Weed Prevention.

first_img Weed seed can come in when you incorporate manure in the garden. Many weeds’ seeds pass through the animal without being digested and will be in the manure. Composting the manure will reduce the problem. Mulch materials can harbor weed seed, too. Use only coastal Bermuda hay, which doesn’t produce seed. It’s grown from cuttings and doesn’t have seed heads. Many of the other types of hay will have weed seeds, including wheat straw. Many of the books you read say to dig the garden deep. Well, this is good in one way — it buries the weed seed deep. But at the same time, deep digging brings up weed seeds that haven’t seen the light for many years. Many can live 10 to 12 years and then germinate when conditions are right. Remove Weeds NowThe best thing, though, is to remove the weeds now, before they produce mature seeds.Pull, hoe, chop, rototill, mulch, bury, burn, eat (yes, some people actually like to eat purslane)or destroy them in some manner.A wise man once said, “Friends come and go, but enemies accumulate.” For thegardener, the enemies are the weeds. For that perfect garden next year, get the weeds outthis year. My father used to say, “One year of seeds, son, and you can count on seven yearsof weeds.”What he was saying was that the one year that you let the weeds mature and produceseeds will return and haunt you for the next seven years. Like most things he told me,this has surely come to pass.Weeds are your garden’s enemies. They rob precious water and nutrients from your gardenplants. They harbor insects and diseases. They compete for light. And most of all, theycause you untold work trying to keep them under control.Actually, the best control is the easiest: don’t let them grow. Garden weeds are goingto seed now, so now is the time to remove them from your garden. Compost them orotherwise, but just make sure that they don’t fall and remain in the garden area.Other Weed ControlsThree other controls of weed seed that might be helpful:last_img read more

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BRO Athletes: Chase Lyne Cycles The Harris Roubaix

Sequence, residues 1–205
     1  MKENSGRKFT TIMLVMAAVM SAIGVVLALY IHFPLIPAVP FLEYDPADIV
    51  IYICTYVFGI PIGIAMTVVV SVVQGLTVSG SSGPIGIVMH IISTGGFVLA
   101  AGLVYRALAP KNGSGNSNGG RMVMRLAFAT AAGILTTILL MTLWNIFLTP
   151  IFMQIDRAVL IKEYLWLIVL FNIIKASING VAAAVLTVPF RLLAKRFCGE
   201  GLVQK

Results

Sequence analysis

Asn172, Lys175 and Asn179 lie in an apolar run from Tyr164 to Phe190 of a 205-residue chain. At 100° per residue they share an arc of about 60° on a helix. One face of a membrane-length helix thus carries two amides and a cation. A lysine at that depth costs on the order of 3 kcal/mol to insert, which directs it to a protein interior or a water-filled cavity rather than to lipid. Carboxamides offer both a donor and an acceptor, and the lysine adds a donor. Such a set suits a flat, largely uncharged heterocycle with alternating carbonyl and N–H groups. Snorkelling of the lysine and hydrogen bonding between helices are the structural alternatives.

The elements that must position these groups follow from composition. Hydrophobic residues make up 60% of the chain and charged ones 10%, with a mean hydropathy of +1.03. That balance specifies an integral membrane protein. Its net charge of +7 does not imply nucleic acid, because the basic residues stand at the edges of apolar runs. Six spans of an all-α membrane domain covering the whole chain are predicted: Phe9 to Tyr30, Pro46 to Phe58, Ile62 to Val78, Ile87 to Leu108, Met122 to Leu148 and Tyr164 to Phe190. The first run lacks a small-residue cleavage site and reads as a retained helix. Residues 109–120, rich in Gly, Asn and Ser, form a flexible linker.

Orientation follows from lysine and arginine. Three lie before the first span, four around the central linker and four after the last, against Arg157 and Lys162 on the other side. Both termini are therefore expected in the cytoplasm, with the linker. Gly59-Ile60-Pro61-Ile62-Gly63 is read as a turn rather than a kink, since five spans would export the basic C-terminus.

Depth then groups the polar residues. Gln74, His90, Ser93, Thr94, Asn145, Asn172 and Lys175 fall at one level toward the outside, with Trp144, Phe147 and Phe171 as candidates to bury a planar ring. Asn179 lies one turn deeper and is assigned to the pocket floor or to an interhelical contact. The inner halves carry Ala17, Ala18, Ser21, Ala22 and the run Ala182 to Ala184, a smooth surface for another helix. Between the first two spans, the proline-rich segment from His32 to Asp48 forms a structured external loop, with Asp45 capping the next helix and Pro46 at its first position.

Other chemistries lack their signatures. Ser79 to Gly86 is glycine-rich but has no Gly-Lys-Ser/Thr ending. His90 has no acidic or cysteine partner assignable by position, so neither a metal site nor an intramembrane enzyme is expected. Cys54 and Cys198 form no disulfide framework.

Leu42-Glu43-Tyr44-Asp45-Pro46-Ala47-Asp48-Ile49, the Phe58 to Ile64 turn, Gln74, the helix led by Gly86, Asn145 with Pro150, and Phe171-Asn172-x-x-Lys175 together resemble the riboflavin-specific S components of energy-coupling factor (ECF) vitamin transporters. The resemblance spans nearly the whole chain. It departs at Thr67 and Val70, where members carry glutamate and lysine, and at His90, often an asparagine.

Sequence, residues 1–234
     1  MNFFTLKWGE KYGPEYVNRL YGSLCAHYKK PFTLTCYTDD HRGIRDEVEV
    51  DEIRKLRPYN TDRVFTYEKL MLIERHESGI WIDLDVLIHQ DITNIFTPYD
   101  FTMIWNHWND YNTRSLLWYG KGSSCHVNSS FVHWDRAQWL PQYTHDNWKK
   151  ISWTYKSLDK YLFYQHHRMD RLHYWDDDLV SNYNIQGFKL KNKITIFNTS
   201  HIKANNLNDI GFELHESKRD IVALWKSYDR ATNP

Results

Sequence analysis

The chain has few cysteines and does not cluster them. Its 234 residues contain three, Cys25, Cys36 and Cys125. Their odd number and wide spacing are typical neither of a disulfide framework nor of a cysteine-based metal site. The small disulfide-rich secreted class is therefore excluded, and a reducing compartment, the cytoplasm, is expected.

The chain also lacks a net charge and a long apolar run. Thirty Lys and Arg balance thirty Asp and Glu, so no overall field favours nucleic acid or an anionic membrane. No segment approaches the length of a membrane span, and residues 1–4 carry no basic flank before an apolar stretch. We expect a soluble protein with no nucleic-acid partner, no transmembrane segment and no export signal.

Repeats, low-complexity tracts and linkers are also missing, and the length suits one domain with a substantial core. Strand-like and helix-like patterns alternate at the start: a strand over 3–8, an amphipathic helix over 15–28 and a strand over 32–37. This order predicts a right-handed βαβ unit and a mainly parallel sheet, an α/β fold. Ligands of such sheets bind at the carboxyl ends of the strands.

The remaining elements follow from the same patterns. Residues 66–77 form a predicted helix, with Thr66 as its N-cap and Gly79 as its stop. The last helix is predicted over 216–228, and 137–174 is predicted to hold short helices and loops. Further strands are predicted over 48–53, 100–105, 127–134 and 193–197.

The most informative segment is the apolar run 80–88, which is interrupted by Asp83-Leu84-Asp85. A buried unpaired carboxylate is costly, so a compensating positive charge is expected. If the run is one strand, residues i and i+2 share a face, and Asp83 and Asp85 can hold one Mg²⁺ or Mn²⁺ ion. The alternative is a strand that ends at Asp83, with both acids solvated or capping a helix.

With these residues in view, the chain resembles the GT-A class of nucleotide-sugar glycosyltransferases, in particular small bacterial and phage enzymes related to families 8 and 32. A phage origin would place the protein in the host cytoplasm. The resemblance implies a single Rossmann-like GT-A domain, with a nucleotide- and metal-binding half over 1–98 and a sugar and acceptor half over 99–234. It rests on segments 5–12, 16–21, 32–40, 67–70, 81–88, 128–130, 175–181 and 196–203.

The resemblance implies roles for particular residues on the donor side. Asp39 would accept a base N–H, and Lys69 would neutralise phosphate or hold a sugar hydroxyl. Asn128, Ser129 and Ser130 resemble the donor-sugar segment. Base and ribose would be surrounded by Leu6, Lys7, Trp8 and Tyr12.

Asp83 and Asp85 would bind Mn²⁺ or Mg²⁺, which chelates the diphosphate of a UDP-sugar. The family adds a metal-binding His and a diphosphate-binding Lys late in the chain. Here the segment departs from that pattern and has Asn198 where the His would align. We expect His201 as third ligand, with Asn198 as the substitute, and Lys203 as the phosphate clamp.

first_img center_img Photo Courtesy of Ben BaileyI think I speak for everyone when I say “I’m glad spring is finally here”. Winter really wore out its welcome this year, so the recent 70 degree temperatures and blossoming flowers in Virginia have been much appreciated.With these warmer temperatures, I’ve dusted off the bikes and started gearing up for the season.If you follow road cycling, one of the historic Spring Classics went down this past weekend. No silly, not the Paris-Roubaix, the Harris-Roubaix. This incredible event put on by the Shenandoah Valley Bicycle Coalition takes place every year on the same day as the French classic, and rings in the cycling season.Pros, weekend warriors, families, and friends all gather to celebrate the gravel roads of Rockingham County and enjoy getting out on two wheels.After gathering in Court Square in the middle of downtown Harrisonburg, everyone has a gentle party pace ride of about six miles out to the farm. From here, riders embark on a 16.5 mile loop of about half gravel and half pavement. The race is three laps total, but you can do as many or as few loops as you like, the main goal is to have fun.I feel like each year this event gets harder and harder, especially this year with the likes of Jeremiah Bishop, Ben Frederick, Nick Waite, Andy Rhodes, and other immortals drilling it at the front. Couple that with super technical gravel roads, and things can get dicey. I managed to keep touch with the front group for about 3/4’s of the first lap, but then started sliding back and linked up with my buddy Kyle to work together.Unfortunately, bad luck struck. My left contact blew out of my eye, which is problematic considering I am blind as a bat. I stuck on Kyle’s wheel trying to regain my depth perception and was just trying to make it back to the start where I could throw in a new contact.Pffffffff…..Due to my impaired vision I took the most amateur hour line through some gnarly gravel and flatted my rear tire. Peace Kyle. I quickly threw in a new tube and tried to get going again, knowing at this point results were out the window.Pfffffff…..GAH! In my haste I didn’t pump my rear tire up enough and got another flat tire. After another quick repair, I limped my way back into the race start. Fortunately there were a few other riders who had similar luck, and four of us headed out for another lap.Knowing at this point we all were just riding for fun, we focused on enjoying the amazing weather and dirt roads. In reality, this is what it’s all about anyways. Sure, being at the front and mixing it up is always a blast, but it’s not like my day was ruined with a few flats. We passed other cyclists out on the course enjoying their ride and saw so many different bikes, such as custom steel rides, fat bikes, mountain bikeswith trail-behinds for the kids, and more.At the heart of every sport are the people, and cycling is no different. After my second lap I called it quits and relaxed enjoying some craft brews and food from the potluck with my friends. People were trading stories on their ride, laughing about flat tires, sharing race tactics; the excitement over the start of the cycling season was truly palpable.The front riders came in after their third lap, with Jeremiah Bishop taking the win, followed by Adam Williams, Ben Frederick, Andy Rhodes, Danny Gibney, and Collin Vento for the top six. Solid riders who put it all out there!Roubaix 2016!last_img read more

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